Interesting. I was just contemplating switching over to using netted pots for increased root aeration instead of the solid cheap plastic ones I am currently using...

    JB I use a mix of LFS, some of which shredded by hand and orchid bark.Simple and all seem happy.

  6. #30
    Is ready to take this hobby to a whole new level DavyJones's Avatar
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    Honestly, I use 1:1 peat : perlite. But I also repot all of my plants every single year. Its like their annual maintenance. I like to keep good hygiene, and it's easier to do while they are unpotted. Rinse off the roots, clip all the dead stuff, give the roots a spray of systemic pesticide for good measure and in they go to fresh media. It takes me a couple days (which I spread over a few weekends,) but it allows me to take good inventory, make sure nobody is neglected, take cuttings, remove basals, etc. I do it in the spring when I repot and divide all my outside plants, which get the same mix. Sometimes I'll put some LFS or orchid bark in the bottom of a Nepenthes pot to promote drainage, but not always.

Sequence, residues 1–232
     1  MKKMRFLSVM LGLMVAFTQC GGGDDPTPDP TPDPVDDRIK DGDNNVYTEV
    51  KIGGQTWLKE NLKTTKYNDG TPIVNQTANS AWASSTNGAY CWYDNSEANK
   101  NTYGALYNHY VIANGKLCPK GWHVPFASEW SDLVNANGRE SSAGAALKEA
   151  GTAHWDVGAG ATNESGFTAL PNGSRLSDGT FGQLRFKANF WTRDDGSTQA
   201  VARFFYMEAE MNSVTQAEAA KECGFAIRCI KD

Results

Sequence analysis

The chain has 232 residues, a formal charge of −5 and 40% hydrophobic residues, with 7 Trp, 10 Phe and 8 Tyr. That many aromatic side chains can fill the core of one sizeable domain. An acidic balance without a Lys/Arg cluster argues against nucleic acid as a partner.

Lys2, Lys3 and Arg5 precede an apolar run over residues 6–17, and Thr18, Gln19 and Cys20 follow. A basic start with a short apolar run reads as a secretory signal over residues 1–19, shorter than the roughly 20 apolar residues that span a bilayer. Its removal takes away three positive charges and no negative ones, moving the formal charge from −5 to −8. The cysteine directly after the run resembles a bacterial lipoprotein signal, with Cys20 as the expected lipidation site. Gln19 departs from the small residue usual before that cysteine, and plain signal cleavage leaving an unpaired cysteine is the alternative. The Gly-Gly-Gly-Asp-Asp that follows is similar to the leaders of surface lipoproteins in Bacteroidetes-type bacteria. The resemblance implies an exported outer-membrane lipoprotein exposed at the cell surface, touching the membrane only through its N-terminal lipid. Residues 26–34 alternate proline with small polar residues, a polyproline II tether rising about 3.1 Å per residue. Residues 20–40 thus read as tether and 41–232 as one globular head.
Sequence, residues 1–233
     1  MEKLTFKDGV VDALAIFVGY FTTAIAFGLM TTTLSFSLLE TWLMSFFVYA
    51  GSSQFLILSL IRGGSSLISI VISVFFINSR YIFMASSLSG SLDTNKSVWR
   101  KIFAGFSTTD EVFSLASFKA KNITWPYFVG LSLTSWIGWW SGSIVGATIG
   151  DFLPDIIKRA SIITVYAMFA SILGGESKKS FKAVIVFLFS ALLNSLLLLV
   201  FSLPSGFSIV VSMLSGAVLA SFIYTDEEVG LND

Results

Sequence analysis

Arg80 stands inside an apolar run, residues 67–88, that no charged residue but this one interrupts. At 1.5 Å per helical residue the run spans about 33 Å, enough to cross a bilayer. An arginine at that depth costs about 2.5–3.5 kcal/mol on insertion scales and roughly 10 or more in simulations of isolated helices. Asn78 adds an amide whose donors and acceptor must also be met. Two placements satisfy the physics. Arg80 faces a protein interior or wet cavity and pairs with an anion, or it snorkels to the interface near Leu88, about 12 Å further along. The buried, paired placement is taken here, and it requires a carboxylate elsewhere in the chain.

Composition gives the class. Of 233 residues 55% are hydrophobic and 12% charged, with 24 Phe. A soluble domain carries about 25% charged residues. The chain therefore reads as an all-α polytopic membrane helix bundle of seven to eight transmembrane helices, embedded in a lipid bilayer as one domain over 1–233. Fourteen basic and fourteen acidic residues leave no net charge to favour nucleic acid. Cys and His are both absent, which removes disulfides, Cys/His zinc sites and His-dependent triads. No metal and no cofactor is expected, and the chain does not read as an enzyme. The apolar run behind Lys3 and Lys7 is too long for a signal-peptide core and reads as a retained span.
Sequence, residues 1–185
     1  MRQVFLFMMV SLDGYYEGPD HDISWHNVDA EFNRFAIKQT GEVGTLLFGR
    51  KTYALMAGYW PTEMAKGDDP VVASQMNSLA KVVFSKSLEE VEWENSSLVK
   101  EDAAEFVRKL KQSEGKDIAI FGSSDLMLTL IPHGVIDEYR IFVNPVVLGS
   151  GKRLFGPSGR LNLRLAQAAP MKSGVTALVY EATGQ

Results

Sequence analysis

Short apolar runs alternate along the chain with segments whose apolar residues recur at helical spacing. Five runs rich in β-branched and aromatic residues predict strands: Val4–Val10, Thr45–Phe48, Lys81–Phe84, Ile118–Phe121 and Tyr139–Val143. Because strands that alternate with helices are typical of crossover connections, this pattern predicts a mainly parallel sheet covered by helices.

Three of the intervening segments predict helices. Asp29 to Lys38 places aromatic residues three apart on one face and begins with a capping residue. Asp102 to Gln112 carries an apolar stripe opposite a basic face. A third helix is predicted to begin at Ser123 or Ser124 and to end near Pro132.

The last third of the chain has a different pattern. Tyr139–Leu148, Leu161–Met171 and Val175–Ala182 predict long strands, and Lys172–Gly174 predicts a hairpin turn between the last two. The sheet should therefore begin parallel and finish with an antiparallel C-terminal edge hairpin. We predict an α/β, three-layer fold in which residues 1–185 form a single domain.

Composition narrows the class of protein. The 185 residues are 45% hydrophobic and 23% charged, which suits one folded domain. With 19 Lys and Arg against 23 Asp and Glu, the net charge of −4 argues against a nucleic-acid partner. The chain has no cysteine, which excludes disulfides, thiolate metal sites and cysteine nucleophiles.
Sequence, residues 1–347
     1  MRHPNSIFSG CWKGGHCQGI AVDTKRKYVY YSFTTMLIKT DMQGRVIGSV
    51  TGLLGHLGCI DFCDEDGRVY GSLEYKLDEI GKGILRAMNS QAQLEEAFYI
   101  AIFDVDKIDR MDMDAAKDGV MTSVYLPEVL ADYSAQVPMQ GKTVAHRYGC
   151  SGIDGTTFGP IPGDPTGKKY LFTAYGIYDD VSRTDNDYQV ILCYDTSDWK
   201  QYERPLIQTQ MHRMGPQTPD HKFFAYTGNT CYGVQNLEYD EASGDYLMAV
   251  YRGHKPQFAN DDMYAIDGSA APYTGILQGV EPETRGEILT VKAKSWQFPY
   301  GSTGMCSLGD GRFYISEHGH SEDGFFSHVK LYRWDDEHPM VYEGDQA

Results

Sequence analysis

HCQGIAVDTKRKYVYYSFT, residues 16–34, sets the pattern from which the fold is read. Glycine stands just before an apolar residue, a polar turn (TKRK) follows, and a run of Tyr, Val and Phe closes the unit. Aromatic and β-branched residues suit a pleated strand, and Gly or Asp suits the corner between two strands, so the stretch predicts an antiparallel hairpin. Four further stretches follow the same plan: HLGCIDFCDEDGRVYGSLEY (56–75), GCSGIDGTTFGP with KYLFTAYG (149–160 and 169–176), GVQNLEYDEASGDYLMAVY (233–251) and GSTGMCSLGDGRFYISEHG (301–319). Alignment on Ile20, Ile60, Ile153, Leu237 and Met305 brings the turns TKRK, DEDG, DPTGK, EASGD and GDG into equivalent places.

"We are in a sense the Universe trying to understand itself. By Observing it we are observing what we are." - Phillip Plait

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  7. #31
    Cardiac Nurse JB_OrchidGuy's Avatar
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    Well I put a mix together. Seems to drain fast and hold moisture. Thinking of using it on some orchids too.

    I used what I could easily find.

    1 part each

    Better grow orchid mix
    Medium tree fern fiber
    Lava rocks
    Cedar mulch
    LFS

    Then on the very bottom used a layer of cheap drainage rock. I like the weight it gives to the pots. Especially for the top heavy plants. I will post pics after I get back from the orchid nursery.
    JB
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  8. #32
    nepguy's Avatar
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    Watch out for earthworms if you plan to put the pots on the ground outside. The first set of nepenthes I got more than 25 years ago were potted in a mix of osmuda and tree fern fibers, and before I moved to PA they had been growing for an entire summer in pots on the "ground" in Florida. They did great until the baby earthworms that had gotten into the pots grew up and chewed the mix into a dense sticky mush. The mix should have lasted much longer than it did, and I wasn't expecting what happened. After I got to Pennsylvania I lost a few plants before I discovered it and repotted. The plants were actually on a low pavement on my porch, where I thought they would be safe. The nearest I can figure is that the earthworms got in during a minor flood from a particularly vicious downpour we had that summer.